The women in hijab are also being tortured in various ways. The law enforcers are incessantly torturing the women wearing hijab by unjustly arresting them and taking them on remand for days.

The government of Bangladesh has pursued a number of legal measures, both direct and indirect, to minimise violence against women and uphold their rights. Unfortunately, eve teasing is still not considered a form of physical harassment, and thus is not legally regarded as a violent act. Consequently, the tragedy is that very few victims of eve teasing are being taken seriously by the police or the legal authority.

Fortunately, things are gradually changing. On November 11, 2011, mobile courts in Bangladesh were empowered to prosecute people accused of sexually harassing women or ‘eve teasing’. Anyone convicted of sexual harassment or stalking women will face a year in jail, a fine or both. The government now hopes that mobile courts will deal with cases quickly and that the punishments handed out will act as a deterrent to others. Mobile courts across the country will be trying these cases and district officials can form mobile courts whenever they think it is necessary.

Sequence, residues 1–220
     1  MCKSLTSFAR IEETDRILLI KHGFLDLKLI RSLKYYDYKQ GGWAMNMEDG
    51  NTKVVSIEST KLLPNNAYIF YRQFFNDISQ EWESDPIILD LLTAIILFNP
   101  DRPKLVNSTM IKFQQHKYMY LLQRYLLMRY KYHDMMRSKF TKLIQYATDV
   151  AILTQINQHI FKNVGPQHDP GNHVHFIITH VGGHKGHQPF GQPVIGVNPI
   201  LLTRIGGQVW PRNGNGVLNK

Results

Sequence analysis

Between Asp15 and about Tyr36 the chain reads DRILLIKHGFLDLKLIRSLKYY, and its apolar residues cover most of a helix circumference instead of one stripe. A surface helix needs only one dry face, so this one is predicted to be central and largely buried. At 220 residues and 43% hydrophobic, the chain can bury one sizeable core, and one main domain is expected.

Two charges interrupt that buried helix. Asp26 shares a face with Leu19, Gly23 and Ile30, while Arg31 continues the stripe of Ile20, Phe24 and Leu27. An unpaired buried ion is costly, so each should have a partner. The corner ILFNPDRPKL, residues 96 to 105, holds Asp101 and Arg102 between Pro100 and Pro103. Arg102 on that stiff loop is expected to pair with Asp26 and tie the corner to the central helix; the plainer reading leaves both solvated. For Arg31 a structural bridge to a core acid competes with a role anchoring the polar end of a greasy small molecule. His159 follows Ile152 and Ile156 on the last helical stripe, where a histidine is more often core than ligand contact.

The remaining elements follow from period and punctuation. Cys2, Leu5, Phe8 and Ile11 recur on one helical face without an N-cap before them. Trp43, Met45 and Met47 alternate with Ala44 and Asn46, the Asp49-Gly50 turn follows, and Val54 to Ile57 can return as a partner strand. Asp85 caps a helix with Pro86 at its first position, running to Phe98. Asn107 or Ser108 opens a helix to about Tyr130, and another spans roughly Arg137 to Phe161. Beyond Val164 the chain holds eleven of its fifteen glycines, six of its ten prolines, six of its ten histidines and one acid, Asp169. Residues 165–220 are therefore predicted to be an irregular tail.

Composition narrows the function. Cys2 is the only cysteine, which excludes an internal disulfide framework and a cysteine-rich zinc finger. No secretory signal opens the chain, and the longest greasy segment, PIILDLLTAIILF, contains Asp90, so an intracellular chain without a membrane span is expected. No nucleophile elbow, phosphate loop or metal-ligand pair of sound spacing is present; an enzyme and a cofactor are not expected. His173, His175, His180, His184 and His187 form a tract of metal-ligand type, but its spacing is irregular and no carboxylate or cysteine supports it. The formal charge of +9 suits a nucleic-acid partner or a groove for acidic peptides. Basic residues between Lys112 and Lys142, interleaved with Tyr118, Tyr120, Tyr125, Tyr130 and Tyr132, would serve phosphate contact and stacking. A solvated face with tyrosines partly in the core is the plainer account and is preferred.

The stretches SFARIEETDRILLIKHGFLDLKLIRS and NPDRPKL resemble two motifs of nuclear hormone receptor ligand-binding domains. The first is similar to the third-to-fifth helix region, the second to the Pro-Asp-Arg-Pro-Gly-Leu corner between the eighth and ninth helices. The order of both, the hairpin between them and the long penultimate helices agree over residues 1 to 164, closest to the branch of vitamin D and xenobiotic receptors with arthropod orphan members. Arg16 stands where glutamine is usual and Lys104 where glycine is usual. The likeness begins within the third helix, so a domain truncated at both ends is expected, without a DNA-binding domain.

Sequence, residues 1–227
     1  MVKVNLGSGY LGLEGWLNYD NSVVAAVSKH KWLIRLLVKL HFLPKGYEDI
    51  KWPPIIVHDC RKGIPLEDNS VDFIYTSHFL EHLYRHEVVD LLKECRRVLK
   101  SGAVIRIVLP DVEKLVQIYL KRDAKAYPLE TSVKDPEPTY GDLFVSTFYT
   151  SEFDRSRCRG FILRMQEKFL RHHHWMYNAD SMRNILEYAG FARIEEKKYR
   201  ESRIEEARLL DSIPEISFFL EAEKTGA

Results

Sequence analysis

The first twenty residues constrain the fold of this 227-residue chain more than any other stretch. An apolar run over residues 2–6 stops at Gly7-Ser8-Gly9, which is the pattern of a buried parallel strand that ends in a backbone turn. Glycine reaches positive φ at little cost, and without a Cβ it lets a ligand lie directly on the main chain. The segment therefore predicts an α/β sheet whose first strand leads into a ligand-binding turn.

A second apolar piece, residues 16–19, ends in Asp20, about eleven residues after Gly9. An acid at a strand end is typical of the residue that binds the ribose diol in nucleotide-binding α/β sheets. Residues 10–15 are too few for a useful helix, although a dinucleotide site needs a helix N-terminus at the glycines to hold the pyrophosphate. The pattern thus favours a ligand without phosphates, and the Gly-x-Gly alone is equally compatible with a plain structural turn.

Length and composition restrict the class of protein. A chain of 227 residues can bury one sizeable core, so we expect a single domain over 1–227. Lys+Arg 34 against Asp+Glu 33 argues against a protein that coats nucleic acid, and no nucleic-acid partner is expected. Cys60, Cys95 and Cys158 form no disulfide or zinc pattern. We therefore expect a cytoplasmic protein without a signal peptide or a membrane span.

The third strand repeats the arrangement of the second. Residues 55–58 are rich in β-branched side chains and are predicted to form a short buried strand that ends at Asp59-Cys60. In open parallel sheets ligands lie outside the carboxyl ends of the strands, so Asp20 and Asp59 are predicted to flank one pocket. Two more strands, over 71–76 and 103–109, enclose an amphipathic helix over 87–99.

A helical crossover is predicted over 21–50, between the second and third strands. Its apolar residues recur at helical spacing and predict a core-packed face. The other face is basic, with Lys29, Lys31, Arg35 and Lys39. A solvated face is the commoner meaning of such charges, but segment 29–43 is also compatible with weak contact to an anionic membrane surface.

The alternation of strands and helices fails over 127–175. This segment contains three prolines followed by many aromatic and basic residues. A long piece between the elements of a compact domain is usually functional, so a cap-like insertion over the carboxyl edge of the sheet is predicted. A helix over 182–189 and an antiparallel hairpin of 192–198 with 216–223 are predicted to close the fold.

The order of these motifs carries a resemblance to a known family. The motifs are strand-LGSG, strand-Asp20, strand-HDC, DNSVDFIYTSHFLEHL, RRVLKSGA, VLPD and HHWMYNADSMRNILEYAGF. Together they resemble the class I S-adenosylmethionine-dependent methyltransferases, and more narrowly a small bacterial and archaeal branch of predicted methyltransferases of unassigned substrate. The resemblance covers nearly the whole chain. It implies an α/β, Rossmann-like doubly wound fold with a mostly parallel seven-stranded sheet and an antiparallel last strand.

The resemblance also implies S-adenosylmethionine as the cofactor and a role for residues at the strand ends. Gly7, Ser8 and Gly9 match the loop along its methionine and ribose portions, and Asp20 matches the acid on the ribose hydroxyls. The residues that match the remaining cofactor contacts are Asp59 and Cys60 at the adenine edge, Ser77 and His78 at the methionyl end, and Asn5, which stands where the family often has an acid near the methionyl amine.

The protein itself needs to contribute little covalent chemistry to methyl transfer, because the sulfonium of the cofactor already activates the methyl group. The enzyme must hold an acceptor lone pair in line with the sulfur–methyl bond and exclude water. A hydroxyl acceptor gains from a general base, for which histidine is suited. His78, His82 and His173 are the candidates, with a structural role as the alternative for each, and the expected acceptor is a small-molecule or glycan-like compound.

Mobile courts can be seen as progress as they recognise ‘eve teasing’ as sexual harassment that should be punished. However, one needs to remain careful as in some cases sanctions can also be excessive. For example, an adolescent boy under the age of 16 years (who should benefit from special provisions under the Children Act) can also be sentenced to one year jail after summary trial for making a one-time indecent remark to a girl.